Sustainability reporting is a broad term that can look different for each organization but, despite these differences, the same foundation is needed from one organization to the next to make sustainability reporting successful.
Craig Schilling, VP of energy advising at ENGIE Impact discusses the foundational pieces that organizations should prioritize when developing sustainability reporting so that they can access the benefits that disclosure has to offer.
Having a clear picture of what your resource consumption patterns look like is the basis for building accurate sustainability reporting. Effective resource management allows you to monitor and measure the usage and cost of energy, water, and waste in a way that helps to inform sustainability and business strategies. Once you understand your resource use, you can begin to set business goals and KPIs that will inform what your reporting structure will look like. Building reporting without clear visibility into what your resources are doing can prevent clear communication to stakeholders on sustainability initiatives.
When built with a resource-first approach, sustainability reporting can provide benefits to the business from multiple angles. Connecting sustainability success to a positive financial impact is one of the most important benefits of sustainability reporting. The TCFD (Taskforce on Climate-related Financial Disclosure) has even provided recommendations on how to make your financial and sustainability reporting work together so that stakeholders can have centralized data for understanding the financial impact of climate-related programs. Sustainability reporting also helps organizations anticipate and navigate new regulatory requirements. As the demands of the industry continue to evolve, regulatory reporting provides the opportunity for benchmarking, which gives organizations a better picture of what parts of their sustainability program could benefit from additional attention. The list of benefits is quite extensive but other major impacts include better brand reputation, more informed decision making, stronger organizational culture, and an informed proactive positive impact on the environment.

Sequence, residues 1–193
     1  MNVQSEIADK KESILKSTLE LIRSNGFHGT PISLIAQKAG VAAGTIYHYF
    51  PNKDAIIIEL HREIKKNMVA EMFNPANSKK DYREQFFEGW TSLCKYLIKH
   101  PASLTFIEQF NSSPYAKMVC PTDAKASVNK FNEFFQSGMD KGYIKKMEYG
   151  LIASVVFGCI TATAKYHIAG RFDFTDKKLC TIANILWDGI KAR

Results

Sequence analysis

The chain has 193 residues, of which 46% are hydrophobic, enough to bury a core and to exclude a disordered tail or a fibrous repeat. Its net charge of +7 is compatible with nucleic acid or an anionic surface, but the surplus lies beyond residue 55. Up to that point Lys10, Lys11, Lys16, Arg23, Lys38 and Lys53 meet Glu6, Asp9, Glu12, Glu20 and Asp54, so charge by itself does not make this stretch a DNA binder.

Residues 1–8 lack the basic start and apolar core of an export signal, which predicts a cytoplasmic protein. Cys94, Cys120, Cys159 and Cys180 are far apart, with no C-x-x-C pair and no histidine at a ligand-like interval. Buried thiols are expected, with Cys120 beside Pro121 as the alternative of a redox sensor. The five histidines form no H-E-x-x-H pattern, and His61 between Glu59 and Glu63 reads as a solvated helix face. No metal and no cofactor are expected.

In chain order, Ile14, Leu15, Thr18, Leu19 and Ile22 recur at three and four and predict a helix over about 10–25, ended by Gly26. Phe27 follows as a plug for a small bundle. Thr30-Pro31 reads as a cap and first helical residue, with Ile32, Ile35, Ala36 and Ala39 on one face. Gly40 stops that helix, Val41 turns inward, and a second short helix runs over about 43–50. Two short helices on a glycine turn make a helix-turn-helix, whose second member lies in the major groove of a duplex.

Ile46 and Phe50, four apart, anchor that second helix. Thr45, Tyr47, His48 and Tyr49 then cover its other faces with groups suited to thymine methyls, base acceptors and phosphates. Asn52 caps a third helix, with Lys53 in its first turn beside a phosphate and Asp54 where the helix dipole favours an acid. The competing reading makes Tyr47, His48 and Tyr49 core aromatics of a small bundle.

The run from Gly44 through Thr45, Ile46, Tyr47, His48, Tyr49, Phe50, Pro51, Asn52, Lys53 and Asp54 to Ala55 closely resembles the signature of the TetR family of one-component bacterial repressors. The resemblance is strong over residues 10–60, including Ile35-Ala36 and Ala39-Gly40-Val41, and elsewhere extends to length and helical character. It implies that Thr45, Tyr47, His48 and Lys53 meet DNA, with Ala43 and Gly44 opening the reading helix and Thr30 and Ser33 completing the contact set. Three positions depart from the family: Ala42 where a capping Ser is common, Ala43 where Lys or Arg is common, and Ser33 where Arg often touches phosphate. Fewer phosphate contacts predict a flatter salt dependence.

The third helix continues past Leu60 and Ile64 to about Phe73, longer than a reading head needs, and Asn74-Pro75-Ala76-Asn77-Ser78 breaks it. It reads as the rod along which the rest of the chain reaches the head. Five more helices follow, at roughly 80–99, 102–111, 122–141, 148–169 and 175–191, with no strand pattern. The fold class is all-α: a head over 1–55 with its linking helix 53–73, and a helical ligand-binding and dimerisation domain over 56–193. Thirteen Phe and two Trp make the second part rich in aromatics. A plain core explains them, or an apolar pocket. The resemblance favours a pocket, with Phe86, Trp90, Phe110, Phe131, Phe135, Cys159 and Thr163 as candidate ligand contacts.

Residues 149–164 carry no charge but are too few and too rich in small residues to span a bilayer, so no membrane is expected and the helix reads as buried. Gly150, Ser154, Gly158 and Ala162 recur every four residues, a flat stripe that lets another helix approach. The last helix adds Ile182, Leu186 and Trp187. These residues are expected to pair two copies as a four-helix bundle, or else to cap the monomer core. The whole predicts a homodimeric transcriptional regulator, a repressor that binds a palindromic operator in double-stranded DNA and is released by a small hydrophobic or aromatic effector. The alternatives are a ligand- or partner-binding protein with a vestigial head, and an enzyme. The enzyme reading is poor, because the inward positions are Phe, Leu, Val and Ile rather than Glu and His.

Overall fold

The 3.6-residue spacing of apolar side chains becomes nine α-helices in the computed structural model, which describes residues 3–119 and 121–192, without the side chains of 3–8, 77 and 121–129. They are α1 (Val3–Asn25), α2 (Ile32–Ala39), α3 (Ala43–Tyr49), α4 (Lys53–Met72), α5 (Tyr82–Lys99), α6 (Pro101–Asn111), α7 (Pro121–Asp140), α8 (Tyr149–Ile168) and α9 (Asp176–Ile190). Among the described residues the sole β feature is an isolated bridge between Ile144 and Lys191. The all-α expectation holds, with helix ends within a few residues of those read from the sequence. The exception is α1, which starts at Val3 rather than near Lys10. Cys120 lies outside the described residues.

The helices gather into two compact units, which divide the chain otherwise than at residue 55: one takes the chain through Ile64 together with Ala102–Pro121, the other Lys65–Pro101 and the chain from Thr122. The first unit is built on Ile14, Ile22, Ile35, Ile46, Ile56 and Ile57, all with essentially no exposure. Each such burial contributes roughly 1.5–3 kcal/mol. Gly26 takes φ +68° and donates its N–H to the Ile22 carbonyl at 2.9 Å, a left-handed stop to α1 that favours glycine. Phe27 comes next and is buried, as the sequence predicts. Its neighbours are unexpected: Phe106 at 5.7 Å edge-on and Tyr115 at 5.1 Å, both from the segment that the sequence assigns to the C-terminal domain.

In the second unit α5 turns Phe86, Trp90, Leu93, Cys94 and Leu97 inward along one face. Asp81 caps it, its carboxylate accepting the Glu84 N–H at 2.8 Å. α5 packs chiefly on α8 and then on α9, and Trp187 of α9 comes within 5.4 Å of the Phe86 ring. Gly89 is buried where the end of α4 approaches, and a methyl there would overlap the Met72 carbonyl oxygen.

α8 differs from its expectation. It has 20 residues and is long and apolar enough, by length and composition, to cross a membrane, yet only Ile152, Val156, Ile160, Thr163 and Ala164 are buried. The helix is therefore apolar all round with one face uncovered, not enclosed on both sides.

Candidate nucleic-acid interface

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There can be internal and external challenges when tackling reporting for your organization. While gaining insight into resources at the site level is foundational, it can be challenging to work through the nuances of multiple suppliers or aggregate data that needs to be allocated on a site-by-site basis. Additionally, the ability to house, cleanse, manipulate, verify and visualize accurate data on an ongoing cadence can create internal challenges without the support of a robust digital toolset. Externally, there are many (maybe too many) regulatory agencies, boards, councils, and foundations establishing best practice methodology and disclosure frameworks. Even though they are all created with good intentions, it can make the industry confusing to navigate as organizations start to consider their reporting structure and governance. In light of this, there has been a recent push by the accounting standard agencies and exchange commission to establish an increased presence that enables common methods and practices for apples-to-apples disclosure across organizations.
Sustainability reporting adoption is gaining momentum worldwide as corporate stakeholders demand more transparency. The ability to create stronger processes around sustainability reporting allows for reduced risk across the supply chain and will inform scenario analysis and more efficient decision-making. It is important to remember that getting the big picture starts with understanding resource consumption first. That will allow the organization to stay flexible and adapt to whatever is on the horizon.
Let’s work together to build clear and effective sustainability reporting.